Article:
Vet techs for one have a more in depth training then there counter parts. Vet techs usually will spend more time with the animal owners and dvm then an assistant will.. As well techs are usually the ones that do the largest majority of test and surgical prep work and assists the vet hand in hand on the procedure.. Not to leave out the vet assistant they are usually the ones that are responsible for the feeding and cleaning of the animals and office, as well as surgical room.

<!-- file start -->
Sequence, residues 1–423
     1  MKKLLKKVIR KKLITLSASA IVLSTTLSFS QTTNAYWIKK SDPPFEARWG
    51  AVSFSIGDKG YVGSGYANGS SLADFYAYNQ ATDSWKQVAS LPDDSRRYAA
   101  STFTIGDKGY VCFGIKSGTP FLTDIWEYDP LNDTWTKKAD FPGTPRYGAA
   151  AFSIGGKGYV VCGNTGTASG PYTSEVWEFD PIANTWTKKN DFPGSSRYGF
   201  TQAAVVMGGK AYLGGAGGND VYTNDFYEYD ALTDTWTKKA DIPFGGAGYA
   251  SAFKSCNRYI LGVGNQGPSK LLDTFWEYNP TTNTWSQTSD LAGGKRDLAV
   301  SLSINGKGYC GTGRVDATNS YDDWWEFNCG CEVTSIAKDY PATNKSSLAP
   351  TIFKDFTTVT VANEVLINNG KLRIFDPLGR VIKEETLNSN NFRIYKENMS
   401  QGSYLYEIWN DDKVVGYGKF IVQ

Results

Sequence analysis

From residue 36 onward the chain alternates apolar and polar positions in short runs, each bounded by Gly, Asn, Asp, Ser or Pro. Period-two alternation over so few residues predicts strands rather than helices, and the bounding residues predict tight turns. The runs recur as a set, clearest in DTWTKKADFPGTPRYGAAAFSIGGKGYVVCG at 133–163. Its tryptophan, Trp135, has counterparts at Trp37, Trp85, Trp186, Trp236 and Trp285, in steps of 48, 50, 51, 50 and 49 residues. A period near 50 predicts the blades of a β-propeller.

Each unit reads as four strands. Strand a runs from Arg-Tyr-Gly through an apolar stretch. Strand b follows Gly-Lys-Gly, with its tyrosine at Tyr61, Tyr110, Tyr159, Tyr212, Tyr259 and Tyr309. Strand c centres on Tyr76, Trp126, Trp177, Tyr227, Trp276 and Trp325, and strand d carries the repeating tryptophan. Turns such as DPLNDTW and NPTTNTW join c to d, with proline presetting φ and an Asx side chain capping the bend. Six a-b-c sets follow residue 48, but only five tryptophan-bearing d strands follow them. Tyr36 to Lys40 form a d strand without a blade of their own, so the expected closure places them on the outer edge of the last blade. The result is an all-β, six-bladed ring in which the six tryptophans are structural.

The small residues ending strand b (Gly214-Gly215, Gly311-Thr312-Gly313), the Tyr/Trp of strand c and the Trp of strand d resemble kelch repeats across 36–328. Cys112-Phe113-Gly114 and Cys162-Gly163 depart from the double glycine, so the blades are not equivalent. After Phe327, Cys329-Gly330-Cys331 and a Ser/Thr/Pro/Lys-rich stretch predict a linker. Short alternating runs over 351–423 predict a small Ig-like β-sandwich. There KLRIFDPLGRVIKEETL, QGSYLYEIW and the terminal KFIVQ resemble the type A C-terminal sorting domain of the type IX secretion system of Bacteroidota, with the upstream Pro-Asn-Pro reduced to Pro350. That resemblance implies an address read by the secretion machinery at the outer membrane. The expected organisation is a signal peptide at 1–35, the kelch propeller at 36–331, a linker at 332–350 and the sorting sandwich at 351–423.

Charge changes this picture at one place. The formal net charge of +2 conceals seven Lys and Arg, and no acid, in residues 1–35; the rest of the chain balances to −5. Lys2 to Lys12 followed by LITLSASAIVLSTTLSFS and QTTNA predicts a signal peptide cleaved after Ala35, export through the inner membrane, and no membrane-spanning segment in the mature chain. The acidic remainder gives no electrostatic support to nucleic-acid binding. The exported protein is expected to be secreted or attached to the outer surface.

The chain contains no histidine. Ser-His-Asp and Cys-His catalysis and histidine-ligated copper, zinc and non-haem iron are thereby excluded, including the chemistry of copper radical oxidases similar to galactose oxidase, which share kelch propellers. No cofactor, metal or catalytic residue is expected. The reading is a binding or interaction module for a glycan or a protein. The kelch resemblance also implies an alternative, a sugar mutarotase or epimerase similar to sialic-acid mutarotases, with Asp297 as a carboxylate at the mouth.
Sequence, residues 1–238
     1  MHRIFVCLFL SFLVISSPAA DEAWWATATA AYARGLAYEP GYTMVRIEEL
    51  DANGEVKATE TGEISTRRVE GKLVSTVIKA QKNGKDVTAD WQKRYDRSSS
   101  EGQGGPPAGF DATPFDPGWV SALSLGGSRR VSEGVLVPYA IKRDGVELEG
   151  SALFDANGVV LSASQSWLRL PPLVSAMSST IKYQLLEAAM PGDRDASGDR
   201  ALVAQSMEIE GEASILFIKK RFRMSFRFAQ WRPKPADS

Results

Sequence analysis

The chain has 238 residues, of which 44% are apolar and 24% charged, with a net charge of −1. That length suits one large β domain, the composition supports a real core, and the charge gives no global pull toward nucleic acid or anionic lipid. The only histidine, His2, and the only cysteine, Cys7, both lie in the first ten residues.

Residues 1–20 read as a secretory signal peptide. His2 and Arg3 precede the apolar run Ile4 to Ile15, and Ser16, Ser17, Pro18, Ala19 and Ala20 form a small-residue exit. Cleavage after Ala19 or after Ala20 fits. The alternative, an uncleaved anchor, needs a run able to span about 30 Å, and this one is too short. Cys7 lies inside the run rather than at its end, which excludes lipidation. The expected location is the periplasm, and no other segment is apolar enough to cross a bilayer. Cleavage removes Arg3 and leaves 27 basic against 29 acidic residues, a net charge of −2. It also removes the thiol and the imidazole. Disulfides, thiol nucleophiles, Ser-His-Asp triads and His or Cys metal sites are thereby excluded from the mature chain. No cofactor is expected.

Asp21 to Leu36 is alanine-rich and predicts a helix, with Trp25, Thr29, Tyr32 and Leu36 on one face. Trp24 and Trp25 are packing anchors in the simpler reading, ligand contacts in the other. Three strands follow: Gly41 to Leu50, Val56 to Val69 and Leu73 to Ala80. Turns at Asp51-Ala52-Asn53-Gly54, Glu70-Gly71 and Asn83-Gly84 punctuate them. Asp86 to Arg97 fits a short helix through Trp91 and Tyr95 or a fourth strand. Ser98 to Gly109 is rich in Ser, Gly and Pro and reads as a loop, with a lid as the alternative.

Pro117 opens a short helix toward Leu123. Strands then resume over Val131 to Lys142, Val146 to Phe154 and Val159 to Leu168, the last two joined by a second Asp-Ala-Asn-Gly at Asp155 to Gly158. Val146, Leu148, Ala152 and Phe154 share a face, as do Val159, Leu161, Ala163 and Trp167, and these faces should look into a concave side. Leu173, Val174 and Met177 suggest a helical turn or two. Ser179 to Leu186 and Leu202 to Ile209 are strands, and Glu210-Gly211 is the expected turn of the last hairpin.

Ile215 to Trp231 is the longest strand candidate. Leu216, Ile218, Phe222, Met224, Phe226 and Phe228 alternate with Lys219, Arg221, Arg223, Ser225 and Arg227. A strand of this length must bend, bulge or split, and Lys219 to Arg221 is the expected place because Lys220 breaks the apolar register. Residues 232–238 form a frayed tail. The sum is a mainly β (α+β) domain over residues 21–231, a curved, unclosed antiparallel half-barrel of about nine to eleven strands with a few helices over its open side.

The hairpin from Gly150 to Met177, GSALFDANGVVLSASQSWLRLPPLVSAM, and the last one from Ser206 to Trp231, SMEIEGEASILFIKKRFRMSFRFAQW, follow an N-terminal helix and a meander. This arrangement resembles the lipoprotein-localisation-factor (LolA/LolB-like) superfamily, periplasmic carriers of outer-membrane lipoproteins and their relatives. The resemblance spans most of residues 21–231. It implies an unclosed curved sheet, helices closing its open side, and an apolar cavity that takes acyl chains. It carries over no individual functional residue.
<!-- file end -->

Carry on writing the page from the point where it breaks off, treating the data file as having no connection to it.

now the biggest difference is wait for it, wait for it...
VET TECHS usually graduate from a 4 year program (bachelor's degree)
and VET ASSISTANCE you guessed it a 2 year program.
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- 9 years ago
Vet techs can do more then vet assistants.
I feel that that staff at both of my vet clinics know a lot and I trust what they have to say.
One of my guinea pigs had a cyst on his side that opened and when I took him in the vet looked at it, said "Ewww... that's gross" then cleaned it and gave me some cream to put on it. I just thought it was funny to hear a vet say "Ewww". lolSource(s): I was planning on becoming a vet tech but after working at the clinic I found out it's not the job for me.